My 2018 Films of The Year

I don’t get to watch movies as much as I would like to these days. When I first really got into film and the power of cinema, I was 15 and had oodles of time on my hands. Get home from school and as soon as I finished my homework, I had the rest of that afternoon/evening to watch whatever I liked. Those were the days. Well, fast forward 15+ years and while my time isn’t nearly as bountiful as it once was, I still did get to see some quality films this year. Here were my top 3 in no particular order.

Roma

This film, which was directed by academy award winner Alfonso Cuarón, tells the story of Cleo (Yalitza Aparicio) and her relationship to the family with whom she works for as maid during 1970s Mexico. We see the world through not only her work, but her relationships with the individual children within the family, the matriarch Sra. Sofia, and her own strained relationship with her boyfriend. The cinematography in this film is probably the best I’ve seen all year and I like how multiple narratives are woven together. Not everything is as it seems with the family Cleo works for and in the midst of all this, we see glances of a revolution taking place in the streets. Roma is currently streaming on Netflix.

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BlacKKKlansman

Spike Lee did an amazing job with this film. Based off the true story of Ron Stallworth who in the 1970s became the first black police officer in Colorado Springs, BlacKKKlansman tells the story of how Ron and his white partner took down a local Ku Klux Klan chapter. The film which stars Adam Driver as Ron’s partner Flip, delves into the relationship of these two men within the confines of a police force, while simultaneously trying to take down the Klan. Oh, and it should be noted, Ron really did trick David Duke and the KKK into believing he was a white man via his on the phone demeanor and his partner Flip was his white stand in. Spike did a good job of not making this seem like a hackneyed black-white buddy cop picture. The ending really did have me invested and Spike had some well placed cameos in the film as well.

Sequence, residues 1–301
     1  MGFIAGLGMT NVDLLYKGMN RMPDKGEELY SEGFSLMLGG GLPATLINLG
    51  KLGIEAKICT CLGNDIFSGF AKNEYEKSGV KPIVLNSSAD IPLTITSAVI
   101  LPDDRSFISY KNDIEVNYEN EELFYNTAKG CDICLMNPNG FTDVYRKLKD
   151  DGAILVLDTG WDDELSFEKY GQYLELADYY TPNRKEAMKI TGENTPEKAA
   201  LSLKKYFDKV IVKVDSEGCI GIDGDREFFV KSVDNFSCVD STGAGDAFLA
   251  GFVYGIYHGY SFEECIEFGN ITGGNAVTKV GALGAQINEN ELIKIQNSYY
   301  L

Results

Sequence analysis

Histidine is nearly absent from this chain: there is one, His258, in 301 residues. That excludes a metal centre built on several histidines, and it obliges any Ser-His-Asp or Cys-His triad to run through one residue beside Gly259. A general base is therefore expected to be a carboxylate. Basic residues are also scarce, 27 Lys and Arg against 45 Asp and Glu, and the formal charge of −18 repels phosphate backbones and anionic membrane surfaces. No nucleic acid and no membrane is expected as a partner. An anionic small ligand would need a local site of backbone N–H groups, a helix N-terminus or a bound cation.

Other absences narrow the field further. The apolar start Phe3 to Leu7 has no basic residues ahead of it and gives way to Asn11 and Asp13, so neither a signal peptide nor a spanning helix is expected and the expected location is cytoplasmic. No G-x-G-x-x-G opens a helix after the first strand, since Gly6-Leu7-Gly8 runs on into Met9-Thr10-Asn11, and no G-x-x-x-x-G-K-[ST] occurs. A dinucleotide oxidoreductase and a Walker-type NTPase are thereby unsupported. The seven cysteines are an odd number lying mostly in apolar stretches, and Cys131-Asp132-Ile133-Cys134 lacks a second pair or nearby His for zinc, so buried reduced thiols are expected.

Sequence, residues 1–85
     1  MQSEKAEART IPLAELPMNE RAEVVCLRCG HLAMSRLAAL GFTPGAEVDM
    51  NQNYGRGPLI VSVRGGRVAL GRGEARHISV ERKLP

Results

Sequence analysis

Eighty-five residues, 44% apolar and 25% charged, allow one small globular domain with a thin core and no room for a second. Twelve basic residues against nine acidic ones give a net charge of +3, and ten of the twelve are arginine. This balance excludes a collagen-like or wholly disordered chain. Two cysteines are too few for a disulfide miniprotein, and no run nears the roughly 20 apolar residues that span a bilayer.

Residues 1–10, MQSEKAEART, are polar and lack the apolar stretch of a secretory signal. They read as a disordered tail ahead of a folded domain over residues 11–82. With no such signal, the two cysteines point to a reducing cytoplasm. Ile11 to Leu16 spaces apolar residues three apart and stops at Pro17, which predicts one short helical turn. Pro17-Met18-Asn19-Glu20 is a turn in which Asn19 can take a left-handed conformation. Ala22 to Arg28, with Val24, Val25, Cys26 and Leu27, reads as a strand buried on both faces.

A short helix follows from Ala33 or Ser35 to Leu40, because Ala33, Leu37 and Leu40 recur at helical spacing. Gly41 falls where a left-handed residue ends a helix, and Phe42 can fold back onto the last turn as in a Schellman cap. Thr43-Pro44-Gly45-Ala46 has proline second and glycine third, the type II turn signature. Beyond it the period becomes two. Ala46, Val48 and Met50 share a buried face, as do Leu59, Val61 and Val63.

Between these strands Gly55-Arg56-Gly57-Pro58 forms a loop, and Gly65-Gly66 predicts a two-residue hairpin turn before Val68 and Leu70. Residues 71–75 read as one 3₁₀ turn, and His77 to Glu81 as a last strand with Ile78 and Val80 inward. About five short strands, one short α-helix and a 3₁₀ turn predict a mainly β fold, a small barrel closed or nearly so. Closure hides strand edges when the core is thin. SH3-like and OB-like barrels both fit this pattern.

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Blindspotting

The city of Oakland really had its day in the cinematic sunshine in 2018. Between Black Panther, Sorry to Bother You, and now Blindspotting, all three films prominently featured Oakland in their story lines.

In Blindspotting we see Colin (Daveed Diggs), a man who has 3 days left on probation and is trying to stay out of trouble. His best friend Miles (Rafael Casal), however can’t seem to keep his cool or keep from running his mouth. Colin also witnesses an incident that leaves him haunted about what choice to make since he’s so close to getting off probation. This film is Oakland to the core and I liked the visuals that were on display of a changing city. It reminded me of another area that has seen rapid change recently due to gentrification and other forces (Hello Brooklyn). Blindspotting is humorous, heartfelt, and a reflection of the times we’re living in.

Sorry 2 Bother You: A Trojan Horse on Cash, Capitalism and Consumerism

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I saw Sorry To Bother You a few weeks ago and it still resonates with me.

The film stars Lakeith Stanfield as Cassius Green (as in cash-is-green) and Tessa Thompson as Detroit, who is Cassius’ girlfriend. We see the two of them in the beginning living in the garage of Cassius’ uncle played by Terry Crews.

Cassius gets a job as a telemarketer and we quickly see the role that his newfound job plays in his life and his relationship with Detroit. After struggling initially in his new role as a telemarketer, Cassius gets a tip from a co-worker to use his ‘white voice’ and his career takes off from there. He goes from the new guy at his job to breaking records and eventually gets promoted to the secretive Power Caller club upstairs. That’s where we see things begin to take a turn for Cassius.

Sorry To Bother You comes out at an interesting time in America. At a time when corporate profits are increasing, but middle class incomes are stagnating, the film provides an interesting take on what it means to move up the corporate ladder. Directed by Oakland native Boots Riley, S2BY definitely has a pro worker/man against the machine type of vibe.

We see Cassius’ co-workers attempt to unionize while he himself is experiencing personal success; meanwhile his relationship with his girlfriend Detroit, becomes somewhat strained in the process. Detroit herself is an artist who uses her art in a very interesting manner to bring attention to the serious issue of the mineral coltan and the Democractic Republic of Congo later on in the film. We witness Cassius struggle with his new found wealth and appeal up until he finds out what his company is really selling.

Sorry To Bother You is a witty and engaging film with some serious themes just below the surface. It is definitely worth your money (even in New York, where seeing a movie these days is by no means cheap) and I think most people will enjoy it. Whether it’s by car, train, or on horseback, go see this film.